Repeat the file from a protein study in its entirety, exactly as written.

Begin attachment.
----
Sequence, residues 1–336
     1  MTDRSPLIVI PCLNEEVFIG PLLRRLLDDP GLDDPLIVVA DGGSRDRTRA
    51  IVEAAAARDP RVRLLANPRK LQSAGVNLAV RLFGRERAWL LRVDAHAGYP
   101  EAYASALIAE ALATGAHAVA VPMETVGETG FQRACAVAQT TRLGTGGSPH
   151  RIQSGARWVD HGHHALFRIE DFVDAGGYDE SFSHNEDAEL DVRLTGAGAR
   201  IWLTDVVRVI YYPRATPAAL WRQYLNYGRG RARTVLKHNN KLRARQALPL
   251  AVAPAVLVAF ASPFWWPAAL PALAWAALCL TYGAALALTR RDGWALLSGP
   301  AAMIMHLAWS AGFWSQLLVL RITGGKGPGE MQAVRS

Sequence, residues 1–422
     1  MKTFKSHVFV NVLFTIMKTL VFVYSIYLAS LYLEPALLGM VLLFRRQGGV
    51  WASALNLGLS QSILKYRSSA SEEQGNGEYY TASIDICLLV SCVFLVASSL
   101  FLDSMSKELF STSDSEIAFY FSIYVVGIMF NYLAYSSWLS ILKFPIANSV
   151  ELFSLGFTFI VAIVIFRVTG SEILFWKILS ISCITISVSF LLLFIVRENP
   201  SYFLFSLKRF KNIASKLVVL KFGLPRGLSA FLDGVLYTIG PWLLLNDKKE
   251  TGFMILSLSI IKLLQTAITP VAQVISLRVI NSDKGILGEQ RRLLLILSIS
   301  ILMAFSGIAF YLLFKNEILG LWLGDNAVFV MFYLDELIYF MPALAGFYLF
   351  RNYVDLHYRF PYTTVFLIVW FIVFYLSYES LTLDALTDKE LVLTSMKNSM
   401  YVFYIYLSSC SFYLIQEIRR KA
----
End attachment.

Sequence, residues 1–336
     1  MTDRSPLIVI PCLNEEVFIG PLLRRLLDDP GLDDPLIVVA DGGSRDRTRA
    51  IVEAAAARDP RVRLLANPRK LQSAGVNLAV RLFGRERAWL LRVDAHAGYP
   101  EAYASALIAE ALATGAHAVA VPMETVGETG FQRACAVAQT TRLGTGGSPH
   151  RIQSGARWVD HGHHALFRIE DFVDAGGYDE SFSHNEDAEL DVRLTGAGAR
   201  IWLTDVVRVI YYPRATPAAL WRQYLNYGRG RARTVLKHNN KLRARQALPL
   251  AVAPAVLVAF ASPFWWPAAL PALAWAALCL TYGAALALTR RDGWALLSGP
   301  AAMIMHLAWS AGFWSQLLVL RITGGKGPGE MQAVRS

Sequence, residues 1–422
     1  MKTFKSHVFV NVLFTIMKTL VFVYSIYLAS LYLEPALLGM VLLFRRQGGV
    51  WASALNLGLS QSILKYRSSA SEEQGNGEYY TASIDICLLV SCVFLVASSL
   101  FLDSMSKELF STSDSEIAFY FSIYVVGIMF NYLAYSSWLS ILKFPIANSV
   151  ELFSLGFTFI VAIVIFRVTG SEILFWKILS ISCITISVSF LLLFIVRENP
   201  SYFLFSLKRF KNIASKLVVL KFGLPRGLSA FLDGVLYTIG PWLLLNDKKE
   251  TGFMILSLSI IKLLQTAITP VAQVISLRVI NSDKGILGEQ RRLLLILSIS
   301  ILMAFSGIAF YLLFKNEILG LWLGDNAVFV MFYLDELIYF MPALAGFYLF
   351  RNYVDLHYRF PYTTVFLIVW FIVFYLSYES LTLDALTDKE LVLTSMKNSM
   401  YVFYIYLSSC SFYLIQEIRR KA